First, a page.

• Stable API so that code written today will still compile against the current version in 2051 much like COBOL-78 compiles with today's COBOL compilers.
  • A reasonable developer seat fee.
  • A capable IDE.
  • Many will still need 32-bit support.
In my "spare" time I've started looking at making some enhancements to Diamond to kick the tires on CopperSpice. Adding themes, support for EDT keypad navigation, choosing a default font other than Courier. (Until you've used EDT keypad navigation for a bit you cannot understand how great it is.) (Under KDE Neon the default font was almost illegible on the screen.)

Assuming I'm successful in my "spare" time the editor would then be suitable for a fork to begin CsCreator. Someone could then be "inspired" by Gede to add debugging support.

http://gede.acidron.com/

I'm certain someone could "suggestions" like KDevelop and QtCreator have. Providing completion suggestions as a person types.

While it doesn't work perfectly I do kind of like the "linting as you type" feature QtCreator has gotten recently.

Integrated help/documentation along with jumping between declaration and implementation could then be added.

Yes, I know, that is all way more than 10 minutes of work.

At any rate there are companies looking to jump ship. I still haven't figured out how anyone gets a medical device using QML through the FDA approval process but that may be one of the universes great mysteries that never gets solved.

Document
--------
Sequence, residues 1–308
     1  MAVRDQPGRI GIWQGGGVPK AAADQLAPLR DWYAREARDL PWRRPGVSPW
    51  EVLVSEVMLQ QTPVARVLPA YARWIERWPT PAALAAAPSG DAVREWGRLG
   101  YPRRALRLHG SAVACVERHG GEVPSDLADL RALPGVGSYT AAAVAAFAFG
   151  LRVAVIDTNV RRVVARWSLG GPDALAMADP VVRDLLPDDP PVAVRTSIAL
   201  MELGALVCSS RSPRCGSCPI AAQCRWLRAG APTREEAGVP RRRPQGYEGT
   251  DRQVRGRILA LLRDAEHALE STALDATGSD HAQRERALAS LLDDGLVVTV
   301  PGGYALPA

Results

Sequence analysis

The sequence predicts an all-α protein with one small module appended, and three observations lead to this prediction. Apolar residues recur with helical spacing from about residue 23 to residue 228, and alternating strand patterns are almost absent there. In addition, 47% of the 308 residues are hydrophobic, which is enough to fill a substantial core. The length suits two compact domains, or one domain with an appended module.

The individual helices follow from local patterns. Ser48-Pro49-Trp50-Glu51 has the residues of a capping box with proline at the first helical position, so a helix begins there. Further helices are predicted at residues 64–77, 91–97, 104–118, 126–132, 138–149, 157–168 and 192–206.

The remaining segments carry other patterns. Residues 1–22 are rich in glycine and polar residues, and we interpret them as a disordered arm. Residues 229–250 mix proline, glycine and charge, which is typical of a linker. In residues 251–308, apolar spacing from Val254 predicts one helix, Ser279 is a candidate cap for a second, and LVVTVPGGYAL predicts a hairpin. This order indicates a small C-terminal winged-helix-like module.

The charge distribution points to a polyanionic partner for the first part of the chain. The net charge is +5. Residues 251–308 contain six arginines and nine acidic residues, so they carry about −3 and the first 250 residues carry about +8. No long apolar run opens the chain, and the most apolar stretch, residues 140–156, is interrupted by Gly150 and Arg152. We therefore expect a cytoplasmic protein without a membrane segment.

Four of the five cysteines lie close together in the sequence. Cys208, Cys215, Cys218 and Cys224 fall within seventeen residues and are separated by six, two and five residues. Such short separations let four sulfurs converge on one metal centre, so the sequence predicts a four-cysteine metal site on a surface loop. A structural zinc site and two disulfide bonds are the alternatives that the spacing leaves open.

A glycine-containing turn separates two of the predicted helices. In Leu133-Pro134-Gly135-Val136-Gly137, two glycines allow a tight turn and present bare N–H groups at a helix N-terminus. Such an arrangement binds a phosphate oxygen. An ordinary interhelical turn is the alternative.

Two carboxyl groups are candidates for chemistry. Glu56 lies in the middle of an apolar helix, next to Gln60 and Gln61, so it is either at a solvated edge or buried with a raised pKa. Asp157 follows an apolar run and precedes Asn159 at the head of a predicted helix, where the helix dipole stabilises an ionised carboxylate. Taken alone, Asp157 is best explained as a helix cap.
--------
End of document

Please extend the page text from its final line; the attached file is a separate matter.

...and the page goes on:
CandL
Posts: 44
Joined: Mon Oct 14 2019 6:37 pm

Re: Possible impending Qt fork and copperspice opportunity

Post by CandL »

Wow ... let me catch my breath.... Seasoned_geek is on a roll.

First let me say I too am some what of a "curmudgeon" but some of the statements appear a bit extreme. I also know this is a Copperspice forum but Open Source licensing is big factor.... my intent is to always do the "right thing" and not cheat anyone

"Under the previous wording if you had a commercial Qt license on a project you couldn't use Doxygen, Wireshark, or any of the other development tools developed with OpenSource Qt."

First I am not a lawyer, but from all accounts this is a matter of FUD (fear, uncertainty and doubt). Something Qt is quite happy to sow if it increases their purses. But if I read the the Qt and Qt Creator licenses what it says is I cannot MIX the Open Source and Commercial version of Qt libraries.

So if I implement a "Chinese Wall" (Legal term) I could in my company produce both commercial and open source applications ... not easy but doable.